Things to do every day between now and November 30; six ways Bloomberg might actually lose the mayoral election; a spectrum of economic forecasts; talking with Robin Wright Penn as she returns to the spotlight; celebrating the Met’s celebration of Robert Frank; finding out how Juliette Binoche ended up in dancing shoes; learning about community college with Joel McHale and Chevy Chase; giving hotel dining a good name; and many more brisk, refreshing stories.
On the Cover: Photo-illustrations by Darrow.
Six strategies for how this year’s Democratic underdog for mayor could, just possibly, pull off an upset over Mike Bloomberg this fall.
Rookie quarterback Mark Sanchez is charismatic, talented, and good-looking. But his greatest aspiration should be to remind fans of a boring guy from Baltimore named “Dilfer.”
The city’s fall economic forecast, from gloomy to … maybe not.
A trio of up-and-coming cooks bring a fresh perspective to hotel dining.
Jimmy Choo at H&M, Limelight becomes a mall, our very own Costco, and twenty other new boutiques, designer collaborations, and major makeovers.
A new climbing gym in Brooklyn makes the one-finger hang fall’s sexiest move.
Nine glamorous new spots are opening in the district. But that might actually be a good thing.
Your day-by-day planner to three full months in the most culturally overstuffed city in the world.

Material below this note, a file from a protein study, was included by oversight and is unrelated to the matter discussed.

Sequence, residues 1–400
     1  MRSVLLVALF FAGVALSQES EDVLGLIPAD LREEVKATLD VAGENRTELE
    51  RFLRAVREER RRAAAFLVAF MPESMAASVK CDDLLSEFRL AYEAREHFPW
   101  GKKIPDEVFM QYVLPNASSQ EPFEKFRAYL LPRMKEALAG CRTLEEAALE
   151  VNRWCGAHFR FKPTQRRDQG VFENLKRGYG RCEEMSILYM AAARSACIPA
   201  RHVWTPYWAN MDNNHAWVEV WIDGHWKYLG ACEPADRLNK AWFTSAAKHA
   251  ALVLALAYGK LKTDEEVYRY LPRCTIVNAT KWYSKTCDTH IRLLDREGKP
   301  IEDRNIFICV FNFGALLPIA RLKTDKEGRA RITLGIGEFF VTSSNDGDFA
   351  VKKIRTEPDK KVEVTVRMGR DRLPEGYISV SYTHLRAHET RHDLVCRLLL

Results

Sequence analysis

Robin Wright Penn gives an exquisitely nuanced performance in her first lead role in four years.
The high-energy Nigerian pop of Fela Kuti comes to Broadway.
Jonathan Lethem’s new novel takes place on the other, weirder side of the Brooklyn Bridge.
The Met is reintroducing Robert Frank to a new generation.
Her new museum becomes Chinatown’s culture hub.
Amanda Blank, La Roux, and Jemina Pearl put their own fresh spins on the female pop-star paradigm.
Juliette Binoche takes to the stage at BAM—as a dancer, for the first time.
Lea Michele puts the Glee in Fox’s irresistible new high-school musical.
Jim Denevan launched Outstanding in the Field to connect diners with the farmers who feed them.
Readers sound off on Annie Leibovitz, Peter Peterson writes in about health care, and more.
Our deliberately oversimplified guide to who falls where on our taste hierarchies.
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